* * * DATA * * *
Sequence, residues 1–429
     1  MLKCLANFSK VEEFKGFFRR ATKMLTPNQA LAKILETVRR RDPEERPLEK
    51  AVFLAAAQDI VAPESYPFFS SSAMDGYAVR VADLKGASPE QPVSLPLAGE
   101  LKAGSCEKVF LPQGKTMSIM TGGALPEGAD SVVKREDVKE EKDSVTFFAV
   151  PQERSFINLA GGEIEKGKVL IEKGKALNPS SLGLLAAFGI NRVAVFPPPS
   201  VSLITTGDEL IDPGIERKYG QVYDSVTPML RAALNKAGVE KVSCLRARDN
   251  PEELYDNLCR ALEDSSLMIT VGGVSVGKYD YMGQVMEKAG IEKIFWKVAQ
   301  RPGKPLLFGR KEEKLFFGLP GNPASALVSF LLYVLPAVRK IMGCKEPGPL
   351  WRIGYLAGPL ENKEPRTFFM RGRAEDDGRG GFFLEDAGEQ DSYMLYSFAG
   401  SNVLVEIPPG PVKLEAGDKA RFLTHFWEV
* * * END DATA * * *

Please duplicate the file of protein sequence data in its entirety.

Sequence, residues 1–429
     1  MLKCLANFSK VEEFKGFFRR ATKMLTPNQA LAKILETVRR RDPEERPLEK
    51  AVFLAAAQDI VAPESYPFFS SSAMDGYAVR VADLKGASPE QPVSLPLAGE
   101  LKAGSCEKVF LPQGKTMSIM TGGALPEGAD SVVKREDVKE EKDSVTFFAV
   151  PQERSFINLA GGEIEKGKVL IEKGKALNPS SLGLLAAFGI NRVAVFPPPS
   201  VSLITTGDEL IDPGIERKYG QVYDSVTPML RAALNKAGVE KVSCLRARDN
   251  PEELYDNLCR ALEDSSLMIT VGGVSVGKYD YMGQVMEKAG IEKIFWKVAQ
   301  RPGKPLLFGR KEEKLFFGLP GNPASALVSF LLYVLPAVRK IMGCKEPGPL
   351  WRIGYLAGPL ENKEPRTFFM RGRAEDDGRG GFFLEDAGEQ DSYMLYSFAG
   401  SNVLVEIPPG PVKLEAGDKA RFLTHFWEV